We spent almost the entire hour before lunch playing with the puppies in the back yard. It was amusing how fixated we were on them, considering the elephants we came to see were about two meters away. Even they struggle to compete with puppies huh? However, Laura demonstrated why not to be near elephants without their Mahouts shortly afterwards, as the "baby" knocked Laura over with her trunk. That's a trunk with 40,000 muscles in it. Lunch was a Thai salad, rice and deep fried chicken or pumpkin for the vegetarians. Meaw kept trying to encourage us to take her sweet and sour sauce, and she found it hilarious how much us Westerners struggled with spice. Even the salad was spicy! Though delicious, of course.
We commuted back to the Centre for a discussion with Tongdee Salagnam - a 53 year old man who's spent his life training and caring for elephants. In Surin, elephants are passed down families through the generations, and Tongdee learnt how to raise elephants from his father, who learnt from his father, and so on. May and Meaw translated for us, as we asked him as many questions as we could think of.
"Why do you not release the elephants back into the wild?"
That was Caitie, and it's a question which ties into my own feelings of discomfort for animals in captivity. Although, as I have been learning through this trip, the elephants in the homes and in the village are treated much closer to family than animals - like we would treat our dogs and cats. The major difference being that elephants are much bigger creatures and hence much more dangerous. For the safety of both the elephants and the humans, the elephants are chained for the majority of the day. This is confronting for obvious reasons, beckoning the question of why they are not brought back into the wild.
Paraphrasing Tongdee, elephants will find a way back to their owners. They have been raised in captivity and have special bonds with their Mahouts. They do not like suddenly having to find food for themselves, and they are only welcome into herds for a short amount of time. The herds can recognise that the stray is in need of help, but it is expected that the stray will step back and leave the herd after a few months. Tongdee said that regardless of how far away the elephants have been taken, they will know where their home is and travel back to where they grew up. On their journey back, elephants often stop at farms or human homes to look for food and may trample property or hurt people who retaliate by harming the elephants. This is both dangerous and unsustainable. Alternatively, elephants are taken to other countries and sold into tourist entertainment and trained through incredibly cruel methods.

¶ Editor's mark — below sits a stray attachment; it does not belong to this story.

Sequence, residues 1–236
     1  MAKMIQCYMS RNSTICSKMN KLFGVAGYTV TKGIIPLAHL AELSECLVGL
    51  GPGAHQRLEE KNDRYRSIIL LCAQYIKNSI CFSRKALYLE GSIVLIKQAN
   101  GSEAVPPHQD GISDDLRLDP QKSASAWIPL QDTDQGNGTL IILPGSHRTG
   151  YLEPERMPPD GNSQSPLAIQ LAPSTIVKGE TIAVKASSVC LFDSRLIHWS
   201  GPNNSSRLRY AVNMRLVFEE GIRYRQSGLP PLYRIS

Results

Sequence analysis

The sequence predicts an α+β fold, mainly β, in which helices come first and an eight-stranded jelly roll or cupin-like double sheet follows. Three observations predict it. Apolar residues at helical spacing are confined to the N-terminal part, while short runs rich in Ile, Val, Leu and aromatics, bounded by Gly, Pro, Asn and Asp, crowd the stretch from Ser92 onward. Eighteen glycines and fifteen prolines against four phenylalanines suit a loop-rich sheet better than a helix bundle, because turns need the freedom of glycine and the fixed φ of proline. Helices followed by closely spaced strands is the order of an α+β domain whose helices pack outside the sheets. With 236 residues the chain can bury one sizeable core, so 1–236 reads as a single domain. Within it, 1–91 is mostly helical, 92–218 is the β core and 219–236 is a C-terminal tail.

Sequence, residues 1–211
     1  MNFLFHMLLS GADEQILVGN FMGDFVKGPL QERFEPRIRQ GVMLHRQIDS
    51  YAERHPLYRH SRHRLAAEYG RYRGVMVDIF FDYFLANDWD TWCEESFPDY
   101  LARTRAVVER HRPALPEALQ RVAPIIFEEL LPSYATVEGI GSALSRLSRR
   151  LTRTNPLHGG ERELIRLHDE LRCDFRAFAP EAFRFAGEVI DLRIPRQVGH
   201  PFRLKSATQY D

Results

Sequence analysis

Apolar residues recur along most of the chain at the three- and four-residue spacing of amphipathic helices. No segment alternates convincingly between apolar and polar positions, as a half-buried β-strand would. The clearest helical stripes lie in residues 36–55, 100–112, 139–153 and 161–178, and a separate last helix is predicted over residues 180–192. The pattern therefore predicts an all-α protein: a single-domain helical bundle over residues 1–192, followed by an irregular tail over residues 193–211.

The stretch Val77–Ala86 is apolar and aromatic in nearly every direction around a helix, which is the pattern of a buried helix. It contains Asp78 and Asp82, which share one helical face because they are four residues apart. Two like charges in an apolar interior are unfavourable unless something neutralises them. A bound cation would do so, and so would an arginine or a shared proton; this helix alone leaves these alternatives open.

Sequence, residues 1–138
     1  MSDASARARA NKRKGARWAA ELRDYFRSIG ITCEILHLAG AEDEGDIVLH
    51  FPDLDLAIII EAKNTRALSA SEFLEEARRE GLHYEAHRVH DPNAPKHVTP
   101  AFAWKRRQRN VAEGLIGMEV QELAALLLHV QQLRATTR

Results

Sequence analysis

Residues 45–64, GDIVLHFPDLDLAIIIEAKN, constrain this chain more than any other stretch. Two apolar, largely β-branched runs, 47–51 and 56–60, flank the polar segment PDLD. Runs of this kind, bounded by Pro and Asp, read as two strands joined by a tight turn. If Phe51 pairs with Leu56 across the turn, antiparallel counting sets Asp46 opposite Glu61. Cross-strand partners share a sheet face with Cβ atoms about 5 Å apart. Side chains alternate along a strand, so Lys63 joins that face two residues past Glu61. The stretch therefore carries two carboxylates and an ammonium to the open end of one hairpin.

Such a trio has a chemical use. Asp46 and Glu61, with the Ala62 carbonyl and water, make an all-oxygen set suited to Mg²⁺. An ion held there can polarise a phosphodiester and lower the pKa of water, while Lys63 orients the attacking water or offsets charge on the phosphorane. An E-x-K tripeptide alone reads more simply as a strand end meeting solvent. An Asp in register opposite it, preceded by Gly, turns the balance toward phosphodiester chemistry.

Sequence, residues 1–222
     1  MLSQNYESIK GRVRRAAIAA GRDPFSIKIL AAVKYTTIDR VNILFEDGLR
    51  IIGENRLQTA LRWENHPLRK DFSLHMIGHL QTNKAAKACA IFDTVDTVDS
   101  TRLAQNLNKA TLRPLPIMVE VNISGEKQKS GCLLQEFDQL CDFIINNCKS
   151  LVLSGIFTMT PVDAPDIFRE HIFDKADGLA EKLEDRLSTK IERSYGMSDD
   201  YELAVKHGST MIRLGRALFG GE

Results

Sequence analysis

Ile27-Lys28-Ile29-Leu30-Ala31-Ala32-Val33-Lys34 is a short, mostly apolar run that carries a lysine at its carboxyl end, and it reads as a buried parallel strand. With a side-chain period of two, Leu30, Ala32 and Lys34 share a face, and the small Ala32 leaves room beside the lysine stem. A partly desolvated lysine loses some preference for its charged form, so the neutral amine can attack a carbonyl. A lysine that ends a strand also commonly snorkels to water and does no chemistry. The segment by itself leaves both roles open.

We learnt a lot about the factual elements to elephants and the industry, but my favourite stories were about their personalities and emotions. May told us that elephants go from mate to mate and have many sexual partners in a lifetime. I asked if they ever "fall in love" and stay with another elephant for life, to which May laughed and said that that was not the case. They like to share, not to be tied down by one elephant. May told us that they had to find a new partner for Bank after her first baby, because she decided she had no interest in him anymore.
However, elephants form incredible friendships between one another and with their Mahouts. They grieve like humans would. They will visit Mahout's houses who have died, and trumpet and cry and be visibly distressed. If an old Mahout re-meets an elephant for the first time in decades, the elephant will remember. Even on walks away from the village, May said that the elephants will walk slowly and drag their feet, but on their way back they will speed up and be excited to go home. The saddest story for me was of elephants who reach a certain hormonal stage and go into unrecognisable states of anger and emotion. Sometimes (rarely) elephants have killed their Mahouts in this state and when they come out they do not know what they have done. They will keep the Mahout's body close to them to protect them from the danger that killed them, without knowing they did it.
We saw the makings of a temple at the Study Centre before we left, with gorgeous elephant structures coming out. Chen Yang and I may have gotten lost in there. But we made it out, back home for dinner, then straight to the markets. There was literally everything there; from food to clothes to toiletries, though Meaw messing with Krystal on the way back was the highlight or me by far. Meaw was yelling to Krystal that she was the last one back to the truck (she wasn't), and Krystal ran while Meaw just laughed at her. Oh, and we may have seen buffalo being walked along the road on the way back.
The day ended with some good old card games and stories. Let's just leave "Emma" to the memories of the people in that circle.